Crayfish females lure males with urine, but then play hard to get

By Ed Yong | March 30, 2010 8:25 am

Fighting_crayfishReleasing a steady stream of urine to attract a mate and then fighting off anyone who still dares to approach you doesn’t seem like a great idea for getting sex. But this bizarre strategy is all part of the mating ritual of the signal crayfish. A female’s urine, strange as it sounds, is a powerful aphrodisiac to a male.

Fiona Berry and Thomas Breithaupt studied these courtship chemicals by organising blind speed-dates between male and female crayfish, whose eyes had been covered with tape. They also injected a fluorescent dye into the animals’ bodies, which accumulated in their bladders. Every time they urinated, a plume of green dispersed through the water.

If the duo blocked the female’s nephropores (her urine-producing glands), the males never showed her any interest. If they met, they did so aggressively. But when the duo injected female urine into the water, things took a more lustful turn, and the males quickly seized the females in an amorous grip. Female urine is clearly a turn-on for males.

But the female doesn’t want just any male – she’s after the best, and she makes her suitors prove their mettle by besting her in a test of strength. As he draws near, she responds aggressively, even though it was her who attracted him in the first place. No quarter is given in these fights. The female only stops resisting if the male can flip her over so that he can deposit his sperm on her underside.

Signal_crayfishFemale crayfish shoulder all the burden of raising the next generation, spending six long months rearing their offspring alone. Males, however, only contribute their sperm. Because the females make such a big investment in the next generation, it’s in their interest to choose the best partners.

Being nocturnal, they can’t see how strong a male is and chemical cues aren’t always reliable indicators of quality. The simplest way of discerning the strongest males is to test their strength for herself. By playing hard to get, she makes sure that she gets fertilised by the best mates, who will at least help to produce the fittest possible young even if they never help to raise them.

Urine typically has an aggressive meaning for crayfish. Males release it when they battle each other, and so do females. During courtship, the difference is that males are drawn to female urine and they stop releasing their own. Doing so might be their way of appeasing the violent female, his way of raising a chemical white flag in the hopes of getting a chance to mate.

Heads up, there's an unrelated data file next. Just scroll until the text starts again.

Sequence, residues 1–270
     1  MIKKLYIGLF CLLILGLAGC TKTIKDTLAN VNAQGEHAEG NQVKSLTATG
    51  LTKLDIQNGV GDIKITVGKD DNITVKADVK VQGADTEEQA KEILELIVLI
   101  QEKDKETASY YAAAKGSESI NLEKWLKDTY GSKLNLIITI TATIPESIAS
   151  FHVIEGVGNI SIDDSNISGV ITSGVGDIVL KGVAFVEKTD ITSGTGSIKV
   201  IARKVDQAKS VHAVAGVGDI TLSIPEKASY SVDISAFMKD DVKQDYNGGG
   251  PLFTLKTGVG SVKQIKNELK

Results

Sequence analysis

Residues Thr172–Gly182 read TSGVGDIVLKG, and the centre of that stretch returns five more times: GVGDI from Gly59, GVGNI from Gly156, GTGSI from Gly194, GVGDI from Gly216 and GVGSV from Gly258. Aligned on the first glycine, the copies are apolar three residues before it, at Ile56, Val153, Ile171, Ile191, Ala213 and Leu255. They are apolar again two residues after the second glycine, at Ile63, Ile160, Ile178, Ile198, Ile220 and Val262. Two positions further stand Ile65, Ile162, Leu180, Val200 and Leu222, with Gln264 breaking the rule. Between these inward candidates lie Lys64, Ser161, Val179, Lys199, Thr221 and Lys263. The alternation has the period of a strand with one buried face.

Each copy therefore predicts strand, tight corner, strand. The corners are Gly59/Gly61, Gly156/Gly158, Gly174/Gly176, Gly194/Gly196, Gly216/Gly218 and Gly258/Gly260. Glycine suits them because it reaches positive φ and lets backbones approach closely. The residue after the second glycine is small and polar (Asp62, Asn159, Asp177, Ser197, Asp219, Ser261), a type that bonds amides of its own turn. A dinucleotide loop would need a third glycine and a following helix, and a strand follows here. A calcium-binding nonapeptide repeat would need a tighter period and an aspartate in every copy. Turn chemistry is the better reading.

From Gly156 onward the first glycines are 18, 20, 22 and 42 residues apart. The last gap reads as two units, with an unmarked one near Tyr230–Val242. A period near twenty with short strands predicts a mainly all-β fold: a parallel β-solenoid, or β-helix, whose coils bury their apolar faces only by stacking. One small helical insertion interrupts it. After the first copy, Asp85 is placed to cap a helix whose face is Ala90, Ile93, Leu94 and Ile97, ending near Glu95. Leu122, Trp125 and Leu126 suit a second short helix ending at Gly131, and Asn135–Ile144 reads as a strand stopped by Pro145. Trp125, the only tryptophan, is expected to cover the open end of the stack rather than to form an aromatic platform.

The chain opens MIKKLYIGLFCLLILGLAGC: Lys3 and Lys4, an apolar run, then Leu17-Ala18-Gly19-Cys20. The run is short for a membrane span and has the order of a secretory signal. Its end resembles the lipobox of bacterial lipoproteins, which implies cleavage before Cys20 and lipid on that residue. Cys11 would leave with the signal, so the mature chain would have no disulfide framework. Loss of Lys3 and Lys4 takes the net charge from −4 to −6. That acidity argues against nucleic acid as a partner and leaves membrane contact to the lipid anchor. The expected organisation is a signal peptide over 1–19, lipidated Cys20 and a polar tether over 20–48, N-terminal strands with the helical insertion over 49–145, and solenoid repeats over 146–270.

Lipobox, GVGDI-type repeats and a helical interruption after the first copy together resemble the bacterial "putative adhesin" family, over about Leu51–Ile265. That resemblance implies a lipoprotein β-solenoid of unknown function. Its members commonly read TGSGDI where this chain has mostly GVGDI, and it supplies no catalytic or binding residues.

In some ways, this is a surprising set-up. In species like crayfish, where females do all the work in raising the next generation, males usually have to be the persuasive ones during courtship while females are the choosy sex. But female crayfish have taken on both roles – seductress and selector. By sending out mixed messages with her urine, she can draw a pool of eager mates that she can then test.

Reference: Berry, F., & Breithaupt, T. (2010). To signal or not to signal? Chemical communication by urine-borne signals mirrors sexual conflict in crayfish BMC Biology, 8 (1) DOI: 10.1186/1741-7007-8-25

Images: fighting crayfish by Berry & Breithaupt; individual by MdE

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MORE ABOUT: courtship, crayfish, sex, urine

Comments (9)

  1. Gingerbaker

    I’m confused. What does this have to say about “No means no!” ;D

  2. I’m just imagining that the urine is the equivalent to the sound of bell to start a boxing/wrestling match. “Who’s ready to rumble?”

  3. Nathan Myers

    Yes, if there’s no one to fight with, there’s also no one to mate with. It’s not so different for humans.

  4. Jeremy

    What an amazing study. Blind folding crayfish, and then telling them to ‘get it on’. The most funny pic I’ve seen on this site by a good long ways.

  5. I wonder if synthesising female crayfish urine in the lab and putting the chemical in traps could prove to be an effective way of controlling the invasive signal crayfish in UK waters.

  6. I have still to find time to read this paper thoroughly, but it will likely make me rethink the assumptions (and thus conclusions) of this study of mine (and another one that came after) in light of these findings. There is a reason why we (and others) used only male crayfish in our experiments, though we know that females also fight (with each other and with males). In more and more species it is found that aggressive behaviors, petterned or even stylized, may have evolved out of mating behavioral patterns. Which brings out the questions of the real goals of the aggressive behaviors which, in some species, was found not to be aggressive after all but rather “male-male bonding”. This is unlikely in crayfish (in which male-male fights may result in death of one of the individuals, not friendship), but what if such fight-to-death behaviors in male crayfish are just male-bonding behaviors gone awry? A mistake? Gotta think about this some more…

  7. Tom

    Ed, that’s the best/worst lede in the history of science journalism.

  8. If it’s simultaneously the best AND worst, doesn’t that automatically make it the best? 😉

  9. Krey

    While the urine attracts the males, it doesn’t necessarily mean that the female is urinating in order to attract the male. It seems more likely that the attraction to urine is so that the males can differentiate between males and females and likely also contains chemical signals showing a females readiness to mate. Though not discussed here, I would guess that a pregnant female, or one already involved in raising young, would exude a urine that does not incite lustful feeling in the male.


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